I love curry, especially Thai curries. Growing up, the closest I came to Asian food was American-style sweet and sour pork (which, I know, is not all that close to Asia). When I moved to San Francisco after high school, I encountered a whole new world of hot, sweet, and spicy. I was hooked.
This favorite recipe of hot, sweet, and spicy curry love is adapted from Nigella Lawson’s Nigella Bites: From Family Meals to Elegant Dinners. I’m posting her ingredients with my variations in parentheses. The instructions are mine. If you have a few basic ingredients in your freezer and pantry, you can whip this up in 30 minutes. I use whatever vegetables I have on hand in the garden or pantry to make this, and it can be made vegetarian too. Just omit the seafood and substitute a vegan fish sauce. How to find asian ingredients? Read my note below the recipe.
- 1 can coconut milk
- 1 to 2T yellow (or red) Thai Curry Paste (I prefer red)
- 1 1/2 cups fish stock, chicken stock or water (I usually use water)
- 3 tablespoons fish sauce (called nuoc mam or nam pla)
- 2 tablespoons palm sugar (or regular sugar)
- 3 lemongrass stalks, each cut into 3 sections
- 3 kaffir lime leaves, or grated zest of one lime (I use 5 leaves)
- 1/2 teaspoon turmeric
- 1 medium winter squash or pumpkin (1-2#), peeled and cut into chunks (I’ve used both winter squash and sweet potatoes. It’s all good!)
- 1 pound wild pacific salmon, cut into chunks (I leave the skin on)*
- 12-16 ounces peeled raw shrimp or langoustines (I usually use a bag of frozen langoustines from Trader Joes)**
- Large head of greens (kale, collards or chard, or any other green vegetables of your choice)
- 1/2 to 1 lime, juiced, or more to taste
- Cilantro (I occasionally add basil also)
- Jalapeno, chopped, optional (in case you want to spice things up more)
- Jasmine or other rice
1. Put rice on to cook (2 cups water per 1 cup rice. Bring to a boil, reduce heat to lowest setting, stir once, cover and let simmer until done, usually 15-30 minutes. On my electric stove, I usually turn off the heat about 10 minutes before it’s done. The residual heat on the burner will finish the cooking without scorching. )
2. In a heavy pot, heat a few tablespoons of the heavy cream part of the coconut milk over a medium heat (if there is no heavy cream, just use the milk. Add curry paste and saute briefly to bring out the flavors. Add stock, fish sauce, lemongrass, lime leaves (or zest), and sugar. Bring to a simmer.
3. Meanwhile, cut up squash. Add to pot. Let simmer, covered, until squash is nearly done (about 10-15 minutes, depending on the variety of squash). Add roughly chopped greens. Cover the pot and let the greens steam while you cut up the salmon.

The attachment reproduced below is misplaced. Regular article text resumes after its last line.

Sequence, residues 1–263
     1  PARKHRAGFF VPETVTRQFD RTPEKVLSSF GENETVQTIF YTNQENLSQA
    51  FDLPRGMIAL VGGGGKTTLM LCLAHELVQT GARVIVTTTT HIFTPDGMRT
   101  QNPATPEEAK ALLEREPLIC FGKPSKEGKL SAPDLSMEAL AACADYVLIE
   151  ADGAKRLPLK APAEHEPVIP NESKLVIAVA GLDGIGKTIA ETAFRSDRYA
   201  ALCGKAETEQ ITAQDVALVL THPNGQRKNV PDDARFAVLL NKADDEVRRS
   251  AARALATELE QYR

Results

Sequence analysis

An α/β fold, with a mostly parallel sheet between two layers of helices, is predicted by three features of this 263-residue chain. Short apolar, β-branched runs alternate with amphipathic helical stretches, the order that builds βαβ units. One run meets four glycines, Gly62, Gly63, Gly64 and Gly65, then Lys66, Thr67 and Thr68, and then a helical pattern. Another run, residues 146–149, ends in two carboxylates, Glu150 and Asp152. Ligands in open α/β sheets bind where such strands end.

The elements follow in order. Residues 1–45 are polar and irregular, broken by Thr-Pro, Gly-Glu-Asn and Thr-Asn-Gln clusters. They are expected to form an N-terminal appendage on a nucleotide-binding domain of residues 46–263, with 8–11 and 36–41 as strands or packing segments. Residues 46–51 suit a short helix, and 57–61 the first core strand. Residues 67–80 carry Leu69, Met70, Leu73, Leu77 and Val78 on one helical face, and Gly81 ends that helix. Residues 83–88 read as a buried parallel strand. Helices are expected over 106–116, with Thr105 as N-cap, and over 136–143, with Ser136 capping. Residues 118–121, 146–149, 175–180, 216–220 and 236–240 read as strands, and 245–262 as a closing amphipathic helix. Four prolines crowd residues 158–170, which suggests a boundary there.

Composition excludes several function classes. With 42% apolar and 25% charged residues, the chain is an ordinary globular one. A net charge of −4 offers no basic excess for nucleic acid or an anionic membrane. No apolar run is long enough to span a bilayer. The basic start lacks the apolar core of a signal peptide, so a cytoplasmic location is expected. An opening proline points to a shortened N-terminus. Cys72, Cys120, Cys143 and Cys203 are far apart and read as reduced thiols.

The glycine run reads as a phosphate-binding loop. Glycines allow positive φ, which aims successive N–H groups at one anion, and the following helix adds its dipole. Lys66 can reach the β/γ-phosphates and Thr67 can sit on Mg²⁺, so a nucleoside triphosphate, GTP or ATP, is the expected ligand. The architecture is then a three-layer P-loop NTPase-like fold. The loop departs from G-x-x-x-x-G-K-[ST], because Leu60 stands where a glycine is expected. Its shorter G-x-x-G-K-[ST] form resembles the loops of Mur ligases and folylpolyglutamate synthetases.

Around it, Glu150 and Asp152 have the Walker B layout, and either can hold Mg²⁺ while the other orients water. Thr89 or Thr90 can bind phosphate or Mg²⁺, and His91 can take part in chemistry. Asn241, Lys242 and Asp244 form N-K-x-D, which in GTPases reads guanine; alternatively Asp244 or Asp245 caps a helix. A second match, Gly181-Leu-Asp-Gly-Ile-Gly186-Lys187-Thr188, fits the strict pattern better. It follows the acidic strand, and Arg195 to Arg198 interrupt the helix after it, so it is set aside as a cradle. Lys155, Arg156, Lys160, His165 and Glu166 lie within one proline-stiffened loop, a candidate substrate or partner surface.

4. Once the greens are wilted, add the shrimp and salmon. If the shrimp are frozen, add them with the greens because they’ll need more time to cook. Let simmer for 3-5 minutes or until salmon is cooked. I add cilantro, basil and juice of 1/2 a lime now, and put more cilantro and quartered lime on the table. Adjust seasoning for salt or fish sauce. Serve over jasmine rice with garnishes.
How to find asian ingredients? Curry pastes and coconut milk can be found in most urban grocery stores in the international section. But your best bet for one-stop shopping is to go to an asian market and stock up. Here in Albuquerque, we have Ta Lin (on Louisiana and Central). Here you can find fresh lime leaves and lemon grass stalks. I buy several at a time and keep them in the freezer. Your asian grocer might already have the lime leaves in the freezer. Look for fish sauce in the Vietnamese or Thai aisle or adjacent to the soy sauces. When I lived in the Catskills, I would occasionally go to an asian grocer in New Jersey or NYC’s chinatown to stock up. Palm sugar is either sold in hard disks or in a jar as a thick paste. I prefer the jars but lately have only been able to find the disks. These can be incredibly difficult to shave or cut off sections. So what I like to do is put one disk in a jar and fill it with boiling water to melt it. Then I just keep it in the fridge to spoon out as needed.
*I only buy wild pacific salmon. All Atlantic salmon and pacific salmon that is not labeled “wild” is farmed which is not a good thing. You are not getting the health benefits touted for salmon if you are eating farmed salmon. You could use other fish, but the salmon really holds up to the bold flavors of this dish. Try it.
**There is a lot of environmental degradation involved in the fishery industry. Shrimping is not always sustainable. It’s a tricky dance figuring out what’s “okay” to eat. I just try to minimize the seafood I eat unless it’s line caught or sustainably farmed (for shellshish). Mussels are a good example of a shellfish that is okay to eat when farmed. Salmon is not okay.